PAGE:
Glossary // Network Latency
What is Network Latency?
With cloud networking, latency refers to the time it takes a packet of data to be transferred or routed across a network. The delay in delivery is, optimally, as close to zero as possible. Low-latency networks have short delays while high-latency networks have long delays. High-latency creates bottlenecks and causes unexpected delays or lags.
All networks have some degree of network latency. The amount of latency varies and can be temporary or persistent depending on what is causing the delays.
Impact of Routers and Distance on Cloud Network Latency
Routers or distance are typically where latency originates.
Routers copy packets as they travel between network interfaces. This causes a delay of only a few milliseconds. Latency occurs when packets have to travel through multiple routers. Additionally, when networks and routers are near capacity, a router will have to wait before transferring a packet to a network interface. While these delays are only milliseconds, they add up and result in network latency.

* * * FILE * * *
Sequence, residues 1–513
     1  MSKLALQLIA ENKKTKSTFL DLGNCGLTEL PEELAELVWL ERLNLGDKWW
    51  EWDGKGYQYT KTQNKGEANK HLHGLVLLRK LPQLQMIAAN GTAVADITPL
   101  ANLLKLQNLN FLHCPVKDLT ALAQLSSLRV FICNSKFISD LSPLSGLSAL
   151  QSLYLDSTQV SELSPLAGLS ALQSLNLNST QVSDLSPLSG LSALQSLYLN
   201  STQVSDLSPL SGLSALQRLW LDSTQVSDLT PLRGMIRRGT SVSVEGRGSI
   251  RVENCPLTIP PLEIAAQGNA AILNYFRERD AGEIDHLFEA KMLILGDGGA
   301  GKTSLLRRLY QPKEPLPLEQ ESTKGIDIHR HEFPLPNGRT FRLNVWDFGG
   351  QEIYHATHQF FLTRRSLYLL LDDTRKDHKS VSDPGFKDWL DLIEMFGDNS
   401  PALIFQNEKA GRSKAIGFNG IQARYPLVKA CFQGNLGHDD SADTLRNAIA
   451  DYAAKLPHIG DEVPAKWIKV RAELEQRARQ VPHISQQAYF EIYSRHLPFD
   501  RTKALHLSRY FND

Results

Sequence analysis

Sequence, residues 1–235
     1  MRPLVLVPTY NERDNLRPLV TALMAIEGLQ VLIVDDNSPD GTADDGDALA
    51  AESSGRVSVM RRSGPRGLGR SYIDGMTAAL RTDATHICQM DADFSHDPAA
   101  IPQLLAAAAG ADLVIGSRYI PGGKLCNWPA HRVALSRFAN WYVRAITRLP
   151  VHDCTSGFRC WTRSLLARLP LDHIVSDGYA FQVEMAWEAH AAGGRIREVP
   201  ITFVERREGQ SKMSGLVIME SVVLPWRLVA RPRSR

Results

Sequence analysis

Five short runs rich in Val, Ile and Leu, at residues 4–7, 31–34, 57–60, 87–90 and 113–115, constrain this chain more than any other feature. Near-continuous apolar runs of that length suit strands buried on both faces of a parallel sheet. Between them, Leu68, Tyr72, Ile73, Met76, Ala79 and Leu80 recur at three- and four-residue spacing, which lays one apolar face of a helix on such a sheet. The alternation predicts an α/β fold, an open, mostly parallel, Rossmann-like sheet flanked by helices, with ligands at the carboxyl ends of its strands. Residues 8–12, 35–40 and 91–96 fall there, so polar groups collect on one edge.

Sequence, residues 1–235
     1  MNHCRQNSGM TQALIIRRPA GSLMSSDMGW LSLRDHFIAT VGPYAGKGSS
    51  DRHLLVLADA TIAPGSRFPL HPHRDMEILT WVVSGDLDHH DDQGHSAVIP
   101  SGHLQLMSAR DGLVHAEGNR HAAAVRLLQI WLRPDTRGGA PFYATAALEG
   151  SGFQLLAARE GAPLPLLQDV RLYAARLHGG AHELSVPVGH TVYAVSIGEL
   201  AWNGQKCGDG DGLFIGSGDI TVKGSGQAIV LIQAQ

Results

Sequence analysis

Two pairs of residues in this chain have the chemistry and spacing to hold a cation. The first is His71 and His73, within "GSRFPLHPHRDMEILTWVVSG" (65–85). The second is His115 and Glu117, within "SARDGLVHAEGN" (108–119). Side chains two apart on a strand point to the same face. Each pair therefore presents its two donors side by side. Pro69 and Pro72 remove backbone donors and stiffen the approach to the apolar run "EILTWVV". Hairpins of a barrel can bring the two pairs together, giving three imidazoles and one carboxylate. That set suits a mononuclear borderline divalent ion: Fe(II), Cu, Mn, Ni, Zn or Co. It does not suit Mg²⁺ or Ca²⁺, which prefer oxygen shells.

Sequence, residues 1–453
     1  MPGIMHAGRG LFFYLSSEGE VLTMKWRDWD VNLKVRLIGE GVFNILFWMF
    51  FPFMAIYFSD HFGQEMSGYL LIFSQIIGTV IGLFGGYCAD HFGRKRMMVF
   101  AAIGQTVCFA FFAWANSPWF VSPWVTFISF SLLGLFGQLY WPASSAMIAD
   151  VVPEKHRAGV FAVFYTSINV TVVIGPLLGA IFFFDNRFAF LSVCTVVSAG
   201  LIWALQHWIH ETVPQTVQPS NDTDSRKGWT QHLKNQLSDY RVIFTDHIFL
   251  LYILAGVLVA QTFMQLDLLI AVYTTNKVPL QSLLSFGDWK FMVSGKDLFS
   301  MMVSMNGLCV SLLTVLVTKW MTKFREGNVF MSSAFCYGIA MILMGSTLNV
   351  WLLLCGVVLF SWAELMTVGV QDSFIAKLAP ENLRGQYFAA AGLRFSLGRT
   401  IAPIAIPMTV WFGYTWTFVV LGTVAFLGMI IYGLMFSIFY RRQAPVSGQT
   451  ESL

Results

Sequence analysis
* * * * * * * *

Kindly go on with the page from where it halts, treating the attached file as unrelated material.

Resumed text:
Distance also contributes to latency. Packets move across networks at about 100,000 miles per second. (For comparison, the speed of light in a vacuum is 186,282 miles per second). Despite this speed, a packet traveling around the earth would have at least 250 milliseconds of latency. Add to this the reality that network paths are rarely direct, which increases the distance that packets must travel.
Other Causes of Network Latency
- Transmission mediums have different speeds – e.g., wireless has more latency than optical fiber.
- Size impacts latency – i.e., larger packets take longer to receive and return than small ones.
- Signals that must be boosted by a repeater increase latency.
- Intermediate devices, such as switches and bridges, can cause latency when packets are subject to storage and hard disk delays at the end of the journey.
- Security systems, like anti-virus, cause latency when messages must be taken apart and reassembled before sending.